The bark is said to be antidysenteric, cholagogue and taenifuge[332 ]. It is used in the treatment of chest-complaints[332 ]. Scrapings of the bark, cooked in palm-oil, are taken to relieve sore-throat[332 ]. The leaves are chopped up small are eaten raw with salt for treating heart-troubles; pregnancy complications; dysmenorrhoea; and incipient hernia[332 ]. An extract of the leaves, combined with Alchornea spp., is used in the treatment of dysentery, and the leafy shoots are chewed for this same purpose[332 ]. The liquid in which young leaf-flushes and a peeled green banana have been boiled is a medicine taken little and often to stop diarrhoea and vomiting[299 , 332 ]. The leaves are an ingredient of a febrifuge given to small children[299 , 332 ]. The leaf or leaf-petiole is beaten into a plaster for application to boils[332 ]. Sap from the young leaves, or the terminal buds, is applied topically to toothache; applied to the chest to treat bronchitis; or is used as a throat-paint for laryngitis or sore throat[332 ]. It is used as an analgesic for muscular pains, and is put into enemas for haemorrhoids[332 ]. When combined with the leaves of Holarrhena floribunda and a chilli, it is used in an enema to relieve pain in the back and loins[332 ]. The aerial roots yield an abundant amount of sap when cut up. This is drunk as an anti-tussive and anti-diarrhoeic, and as a remedy for haematuria and blennorrhoea[332 ]. A vapour-bath made from the diced roots, combined with maleguetta pepper, is used in the treatment of headache[332 ]. The whole fruit is boiled in sap from the tree or in palm wine or other fruit ferments to take as an emeto-purgative[332 ]. It is preferred to the less active bark or leaves which may also be used for the same purpose[332 ]. Several pentacyclic triterpenoids have been isolated from the wood and the roots[299 ]. Euscaphic acid, myrianthic acid, tormentic acid, ursolicacid and a derivative of ursenoic acid have been isolated from stems[299 ]. Myrianthinic acid was isolated from the bark[299 ]. The wood also contains myrianthiphyllin, a lignan cinnamate[299 ]. Bark extracts of Myrianthus arboreus have shown antiplasmodial, antimycobacterial and antitrypanosomal effects in vitro, which supports some of its uses in traditional medicine, e.g. To treat malaria[299 ].

References   More on Medicinal Uses

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Other Uses

Fencing  Fuel  Mulch  Oil  Parasiticide  Repellent  Soap making  Soil conditioner  Teeth  Wood

Agroforestry Uses: The leaves are enormous, to 70 cm across, digitately compound of 7 - 9 leaflets, the largest attaining 50 cm length by 25 cm breadth. When they fall and lie on the ground they form a good groundcover retaining moisture and rotting down to form a thick humus[332 ]. Other Uses Lye can be extracted from the ash of the wood and this is used in making soap[299 , 303 , 332 ]. Extracts of the plant have been shown to deter the termite Reticulitermes lucifugus[299 , 303 ]. The yellowish-white wood is moderately light, soft, fibrous and difficult to work[332 , 364 ]. It is used to make domestic utensils[364 ]. Though perishable it is also used for fencing[332 ]. The wood is used for fuel[332 , 398 ].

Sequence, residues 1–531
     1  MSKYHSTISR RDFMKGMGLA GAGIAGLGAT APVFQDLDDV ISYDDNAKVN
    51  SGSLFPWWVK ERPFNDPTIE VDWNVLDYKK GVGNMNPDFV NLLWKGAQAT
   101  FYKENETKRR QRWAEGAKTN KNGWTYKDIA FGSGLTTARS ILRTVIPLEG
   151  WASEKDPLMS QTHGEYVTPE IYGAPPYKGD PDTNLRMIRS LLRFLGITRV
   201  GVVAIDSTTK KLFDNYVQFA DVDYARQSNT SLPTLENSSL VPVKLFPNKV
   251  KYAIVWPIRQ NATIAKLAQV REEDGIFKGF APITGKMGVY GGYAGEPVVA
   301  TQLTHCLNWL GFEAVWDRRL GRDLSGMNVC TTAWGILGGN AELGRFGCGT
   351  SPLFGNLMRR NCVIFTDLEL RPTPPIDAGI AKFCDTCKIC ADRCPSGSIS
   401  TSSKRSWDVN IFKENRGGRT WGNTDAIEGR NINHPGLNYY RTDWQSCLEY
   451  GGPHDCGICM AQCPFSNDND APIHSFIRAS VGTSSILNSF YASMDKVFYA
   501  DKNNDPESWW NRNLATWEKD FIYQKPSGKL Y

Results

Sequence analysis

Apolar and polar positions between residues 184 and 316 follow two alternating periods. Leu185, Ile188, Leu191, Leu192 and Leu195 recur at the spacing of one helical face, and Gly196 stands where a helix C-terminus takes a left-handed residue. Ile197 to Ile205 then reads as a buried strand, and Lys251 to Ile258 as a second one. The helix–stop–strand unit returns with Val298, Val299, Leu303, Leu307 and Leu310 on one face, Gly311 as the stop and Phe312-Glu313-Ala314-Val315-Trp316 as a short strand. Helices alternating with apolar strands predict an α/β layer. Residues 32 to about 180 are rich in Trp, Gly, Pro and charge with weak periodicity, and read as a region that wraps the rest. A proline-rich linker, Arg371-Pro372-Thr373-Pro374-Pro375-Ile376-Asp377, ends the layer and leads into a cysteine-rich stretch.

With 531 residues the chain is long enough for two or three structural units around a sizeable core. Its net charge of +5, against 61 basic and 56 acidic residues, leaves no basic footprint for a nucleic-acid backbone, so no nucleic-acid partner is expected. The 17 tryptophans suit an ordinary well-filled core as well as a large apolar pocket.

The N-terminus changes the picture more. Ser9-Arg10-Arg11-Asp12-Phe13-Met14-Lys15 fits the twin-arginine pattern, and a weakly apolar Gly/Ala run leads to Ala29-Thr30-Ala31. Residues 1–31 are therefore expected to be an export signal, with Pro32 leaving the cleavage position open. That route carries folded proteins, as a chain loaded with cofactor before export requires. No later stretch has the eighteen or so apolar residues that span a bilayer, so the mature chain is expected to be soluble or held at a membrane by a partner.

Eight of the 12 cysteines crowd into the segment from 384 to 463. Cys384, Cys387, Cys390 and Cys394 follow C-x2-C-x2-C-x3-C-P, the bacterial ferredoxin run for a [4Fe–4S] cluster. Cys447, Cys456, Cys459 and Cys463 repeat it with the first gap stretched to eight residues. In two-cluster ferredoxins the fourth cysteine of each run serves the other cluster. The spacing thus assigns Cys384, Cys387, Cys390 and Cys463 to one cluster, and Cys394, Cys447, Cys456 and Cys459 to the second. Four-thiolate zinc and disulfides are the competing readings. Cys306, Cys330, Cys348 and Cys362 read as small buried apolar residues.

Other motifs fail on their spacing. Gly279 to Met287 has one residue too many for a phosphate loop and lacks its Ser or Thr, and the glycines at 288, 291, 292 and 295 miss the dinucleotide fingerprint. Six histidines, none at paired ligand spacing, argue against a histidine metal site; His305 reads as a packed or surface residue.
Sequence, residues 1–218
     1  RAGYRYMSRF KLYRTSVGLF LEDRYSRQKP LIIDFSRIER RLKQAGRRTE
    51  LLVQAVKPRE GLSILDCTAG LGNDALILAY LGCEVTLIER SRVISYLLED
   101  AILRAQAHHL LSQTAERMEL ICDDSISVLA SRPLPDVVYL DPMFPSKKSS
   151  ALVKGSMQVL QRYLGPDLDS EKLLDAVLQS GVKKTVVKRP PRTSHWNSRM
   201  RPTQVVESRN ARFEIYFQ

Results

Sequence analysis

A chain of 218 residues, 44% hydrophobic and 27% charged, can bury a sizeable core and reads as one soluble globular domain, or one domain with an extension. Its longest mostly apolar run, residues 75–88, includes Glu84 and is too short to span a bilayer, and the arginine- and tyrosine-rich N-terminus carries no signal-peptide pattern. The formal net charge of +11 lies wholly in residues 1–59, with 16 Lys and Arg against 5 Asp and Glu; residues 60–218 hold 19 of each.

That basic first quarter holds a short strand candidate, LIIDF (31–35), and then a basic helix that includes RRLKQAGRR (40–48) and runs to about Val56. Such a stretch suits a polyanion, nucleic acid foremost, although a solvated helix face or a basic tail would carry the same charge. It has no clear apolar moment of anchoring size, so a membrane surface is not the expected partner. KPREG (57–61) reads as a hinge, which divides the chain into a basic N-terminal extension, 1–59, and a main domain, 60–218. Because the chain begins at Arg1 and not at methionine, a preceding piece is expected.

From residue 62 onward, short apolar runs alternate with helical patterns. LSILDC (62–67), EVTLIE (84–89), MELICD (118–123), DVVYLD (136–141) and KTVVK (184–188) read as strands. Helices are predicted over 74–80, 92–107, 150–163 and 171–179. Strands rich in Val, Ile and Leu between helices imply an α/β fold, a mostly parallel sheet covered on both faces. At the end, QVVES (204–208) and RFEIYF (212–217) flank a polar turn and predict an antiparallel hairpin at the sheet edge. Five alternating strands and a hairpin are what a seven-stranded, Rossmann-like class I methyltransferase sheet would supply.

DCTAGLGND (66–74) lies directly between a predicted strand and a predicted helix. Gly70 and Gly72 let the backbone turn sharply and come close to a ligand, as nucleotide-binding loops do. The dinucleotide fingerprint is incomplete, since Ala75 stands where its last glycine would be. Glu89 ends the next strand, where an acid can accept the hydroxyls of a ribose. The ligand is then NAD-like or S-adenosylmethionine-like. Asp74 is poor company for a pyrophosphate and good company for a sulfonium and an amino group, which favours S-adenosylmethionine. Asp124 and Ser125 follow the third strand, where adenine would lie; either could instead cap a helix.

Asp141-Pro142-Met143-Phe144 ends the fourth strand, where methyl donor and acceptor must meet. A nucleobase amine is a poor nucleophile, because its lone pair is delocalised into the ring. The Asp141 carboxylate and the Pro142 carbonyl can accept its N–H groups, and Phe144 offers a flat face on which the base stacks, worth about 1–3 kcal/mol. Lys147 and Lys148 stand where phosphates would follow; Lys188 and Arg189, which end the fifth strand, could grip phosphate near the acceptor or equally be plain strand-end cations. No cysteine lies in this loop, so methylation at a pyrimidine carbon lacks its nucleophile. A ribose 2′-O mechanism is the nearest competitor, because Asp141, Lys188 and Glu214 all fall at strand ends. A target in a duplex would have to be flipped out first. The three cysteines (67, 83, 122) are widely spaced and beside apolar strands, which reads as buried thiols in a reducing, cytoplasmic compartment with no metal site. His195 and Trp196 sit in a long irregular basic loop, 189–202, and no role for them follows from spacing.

Special Uses

Food Forest

References   More on Other Uses

Cultivation details

A plant of moderate elevations in the moist tropics, being found from 700 - 1,200 metres. It is found in areas where the mean annual temperature is in the range 16 - 26°c and the mean annual rainfall is 1,400 - 4,000mm[303 ]. Prefers a damp soil[303 ]. Young plants can begin producing fruit when 4 - 5 years old from seed[398 ]. The plant has mycorrhizal associations, thus helping to enrich the soil with nitrogen[299 , 303 ]. A dioecious species, both male and female forms need to be grown if fruit and seed are required.[299 , 303 ]

References   Carbon Farming Information and Carbon Sequestration Information

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Plant Propagation

Seed - best sown as soon as it is ripe[398 ]. About 40% of the seed germinates within 1 month, but this rate can be improved by soaking the seed for 12 hours in warm water prior to sowing[299 ]. The seed also germinates better if it has passed through the gut of an animal[303 ]. Bud grafting and stem cuttings have been successfully used for propagation in experiments[299 ].

Other Names

If available other names are mentioned here

Giant yellow mulberry, Monkeyfruit, Anyankoma, Bohuma, Bokomu, Bongunguna, Bouma, Ciwele, Engakom, Fofoi, Isakama, Konde, Liwisa, Mdewerere, Mfusa, Mfutsa, Mhunsa, Mkonde, Mkwayaga, Ndigo, Ongo, Ujuju, Umufe, Unhana, bush pineapple

Native Range

AFRICA: Tanzania, Uganda, Central African Republic, Cameroon, Democratic Republic of the Congo, Congo, Gabon, Equatorial Guinea, Benin, Côte D Ivoire, Ghana, Guinea, Liberia, Nigeria, Sierra Leone, Angola.

Weed Potential

Right plant wrong place. We are currently updating this section. Please note that a plant may be invasive in one area but may not in your area so it’s worth checking.

Conservation Status

IUCN Red List of Threatened Plants Status : This taxon has not yet been assessed

Related Plants
Latin NameCommon NameHabitHeightHardinessGrowthSoilShadeMoistureEdibleMedicinalOther

Growth: S = slow M = medium F = fast. Soil: L = light (sandy) M = medium H = heavy (clay). pH: A = acid N = neutral B = basic (alkaline). Shade: F = full shade S = semi-shade N = no shade. Moisture: D = dry M = Moist We = wet Wa = water.


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Botanical References

Links / References

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A special thanks to Ken Fern for some of the information used on this page.